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Tampa Bay and Sarasota's Leading Local News: Weather, Traffic, Sports and more | Tampa Bay and Sarasota, FL | WTSP.com

What you need to know Wednesday, July 22

Good morning, Tampa Bay! Thank you for waking up with us on 10 Tampa Bay Brightside.

TAMPA, Fla. — Good morning Tampa Bay! We're already halfway through the workweek.

Here are the top stories that you need to know about.

What's next for unemployment? 💵

That's a question on many Floridians' minds as the extra $600 from the federal CARES Act is set to expire on July 25. 

A recent report from independent think tank Century Foundation estimates 1.2 million Floridians will be losing the $600 weekly payment, amounting to $700 million in lost money a week for Florida families and the economy. 

An online petition calling on Congress to extend payments through the end of the year has more than 1.5 million signatures.

If you have not received all of the $600 benefits you are owed, you are still entitled to that money.

RELATED: What happens when the extra $600 unemployment checks stop? Floridians push for extension

RELATED: $600 extra unemployment benefit ends days earlier in Florida

RELATED: $600 extra unemployment benefit ends sooner than some might think

'Give parents more choices' 📚

It's a question that's on many parents' minds: What should my student do for school this fall? One Florida senator says his grandchildren will be learning from home, but parents should have a choice.

Sen. Rick Scott said his grandchildren will be "distance learning" to make sure they are safe during the coronavirus pandemic.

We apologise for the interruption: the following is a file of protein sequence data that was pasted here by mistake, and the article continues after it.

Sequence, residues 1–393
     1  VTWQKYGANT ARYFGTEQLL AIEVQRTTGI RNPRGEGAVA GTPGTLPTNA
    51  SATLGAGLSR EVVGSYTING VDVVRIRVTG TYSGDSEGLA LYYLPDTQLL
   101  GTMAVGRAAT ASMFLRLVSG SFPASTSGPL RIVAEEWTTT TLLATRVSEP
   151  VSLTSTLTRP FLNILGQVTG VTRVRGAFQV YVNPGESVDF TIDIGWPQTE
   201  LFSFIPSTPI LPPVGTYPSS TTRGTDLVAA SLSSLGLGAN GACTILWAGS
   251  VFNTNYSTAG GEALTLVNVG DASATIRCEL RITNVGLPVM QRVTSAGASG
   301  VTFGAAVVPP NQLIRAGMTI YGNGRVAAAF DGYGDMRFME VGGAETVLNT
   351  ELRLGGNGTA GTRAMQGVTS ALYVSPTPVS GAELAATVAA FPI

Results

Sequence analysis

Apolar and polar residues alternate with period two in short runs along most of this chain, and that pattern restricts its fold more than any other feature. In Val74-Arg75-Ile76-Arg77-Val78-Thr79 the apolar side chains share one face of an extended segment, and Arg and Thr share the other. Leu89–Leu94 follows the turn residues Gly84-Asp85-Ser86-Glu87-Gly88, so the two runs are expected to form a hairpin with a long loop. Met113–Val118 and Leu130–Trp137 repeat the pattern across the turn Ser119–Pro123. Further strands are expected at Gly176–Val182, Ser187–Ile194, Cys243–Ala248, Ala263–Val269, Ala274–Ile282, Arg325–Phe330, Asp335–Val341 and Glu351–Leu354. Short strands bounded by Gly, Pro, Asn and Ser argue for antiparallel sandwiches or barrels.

"You ought to give parents as many choices as possible," said Scott on Fox Business' "Varney and Co." "My daughters are going to be more focused on, you know, distance learning right now to make sure their children are safe."

RELATED: Florida Sen. Rick Scott says his grandchildren will start 'distance learning'

Eyes on Tropical Depression Seven 👀

The tropical disturbance in the Atlantic once labeled Invest 99-L is now Tropical Depression Seven.

The National Hurricane Center gave this disturbance the investigative status Monday with just a 20-percent chance of further development. However, by Tuesday afternoon, the storm quickly gained development chances and many models now project a developing tropical storm, possibly even a hurricane.

If named, it would become Tropical Storm Gonzalo. If it does become Tropical Storm Gonzalo before Thursday, as expected, it will become the earliest "G" named storm in Atlantic hurricane season history. 

The current record is Tropical Storm Gert that developed on July 24, 2005.

RELATED: Invest 99-L becomes Tropical Depression Seven